American detained in North Korea feels ‘abandoned’
SEATTLE (AP) — The sister of an American tour guide who has been detained in North Korea for nearly two years renewed her urgent call for his release Thursday, saying reports that he feels “abandoned” are devastating.
Choson Sinbo, a pro-North Korea newspaper based in Japan, published an interview Wednesday with Kenneth Bae in which he is quoted as saying that nothing seems to be happening in his case and he feels abandoned.
He was also quoted as saying that he fears being sent back to a labor camp because of his bad health.
Bae’s sister, Terri Chung, said in a written statement Thursday that it was the first word the family has had of Bae since April, and it was hard to hear.
“After months of silence, it is devastating to hear Kenneth talk about ‘feeling abandoned by the United States government,’” she said. “Although we acknowledge and appreciate all the efforts the U.S. State Department has been making behind the scenes to secure Kenneth’s release, the fact remains that after almost two years, Kenneth still remains imprisoned in North Korea.”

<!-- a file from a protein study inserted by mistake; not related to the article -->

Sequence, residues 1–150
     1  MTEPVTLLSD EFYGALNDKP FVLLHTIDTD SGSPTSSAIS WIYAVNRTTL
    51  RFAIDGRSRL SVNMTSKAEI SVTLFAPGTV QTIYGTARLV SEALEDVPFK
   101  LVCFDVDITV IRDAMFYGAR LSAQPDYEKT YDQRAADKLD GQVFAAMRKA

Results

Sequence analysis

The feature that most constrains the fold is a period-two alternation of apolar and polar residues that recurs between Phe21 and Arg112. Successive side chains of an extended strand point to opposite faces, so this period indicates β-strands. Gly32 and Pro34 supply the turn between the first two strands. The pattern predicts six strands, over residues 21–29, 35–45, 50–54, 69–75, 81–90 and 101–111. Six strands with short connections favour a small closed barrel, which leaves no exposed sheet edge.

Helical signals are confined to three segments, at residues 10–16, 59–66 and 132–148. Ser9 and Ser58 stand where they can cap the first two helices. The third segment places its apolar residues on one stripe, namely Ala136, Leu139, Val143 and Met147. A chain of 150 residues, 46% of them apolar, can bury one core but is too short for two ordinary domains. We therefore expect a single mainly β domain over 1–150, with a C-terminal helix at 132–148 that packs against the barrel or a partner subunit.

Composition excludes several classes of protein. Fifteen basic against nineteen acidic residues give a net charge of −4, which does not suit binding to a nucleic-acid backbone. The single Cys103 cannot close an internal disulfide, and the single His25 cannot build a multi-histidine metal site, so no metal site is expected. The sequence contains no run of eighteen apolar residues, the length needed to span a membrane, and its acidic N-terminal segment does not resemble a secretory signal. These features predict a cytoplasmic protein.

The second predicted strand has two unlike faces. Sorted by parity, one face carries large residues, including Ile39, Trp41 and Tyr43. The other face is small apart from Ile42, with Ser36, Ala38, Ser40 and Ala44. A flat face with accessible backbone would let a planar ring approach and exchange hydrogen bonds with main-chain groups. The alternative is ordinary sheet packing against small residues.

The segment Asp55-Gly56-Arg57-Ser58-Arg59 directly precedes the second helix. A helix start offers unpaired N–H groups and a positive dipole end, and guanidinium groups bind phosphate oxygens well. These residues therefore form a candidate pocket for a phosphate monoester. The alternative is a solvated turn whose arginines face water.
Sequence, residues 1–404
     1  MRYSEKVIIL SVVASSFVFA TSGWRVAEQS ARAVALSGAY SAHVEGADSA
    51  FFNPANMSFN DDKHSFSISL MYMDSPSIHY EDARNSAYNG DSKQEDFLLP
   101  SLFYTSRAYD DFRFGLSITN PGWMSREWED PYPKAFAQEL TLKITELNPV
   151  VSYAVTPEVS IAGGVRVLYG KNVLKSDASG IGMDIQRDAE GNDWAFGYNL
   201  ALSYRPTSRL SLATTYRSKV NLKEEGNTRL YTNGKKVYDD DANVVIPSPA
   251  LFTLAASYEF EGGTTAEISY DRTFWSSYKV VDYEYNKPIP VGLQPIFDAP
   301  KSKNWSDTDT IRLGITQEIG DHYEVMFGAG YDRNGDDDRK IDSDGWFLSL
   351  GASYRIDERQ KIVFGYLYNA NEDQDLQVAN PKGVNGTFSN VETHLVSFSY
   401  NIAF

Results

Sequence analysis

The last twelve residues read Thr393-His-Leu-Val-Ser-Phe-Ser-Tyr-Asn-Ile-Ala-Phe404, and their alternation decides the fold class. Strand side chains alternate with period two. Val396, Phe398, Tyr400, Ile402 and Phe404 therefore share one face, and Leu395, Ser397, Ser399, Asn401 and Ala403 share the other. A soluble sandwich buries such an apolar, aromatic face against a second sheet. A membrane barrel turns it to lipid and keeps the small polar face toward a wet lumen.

Bae, who turns 46 on Friday, has been sentenced to 15 years of hard labor for unspecified hostile acts. He was arrested in November 2012 while leading a tour group in a special North Korean economic zone.
He is the longest-held of three Americans being detained in North Korea. The government there said in June that it is preparing to try the other two, Matthew Todd Miller and Jeffrey Edward Fowle, who also entered the country as tourists, for carrying out what it described as hostile acts.
State Department spokeswoman Marie Harf said Thursday the agency is in regular contact with Bae’s family.
Last summer, authorities moved Bae from a work camp to a hospital because of failing health and weight loss. He was sent back to the work camp earlier this year, only to be brought again to a hospital less than two months later. His family says he suffers from diabetes, an enlarged heart, liver problems and back pain.
Chung said she was imploring President Barack Obama and Secretary of State John Kerry to help free him.
AP reporter Matthew Pennington contributed from Washington.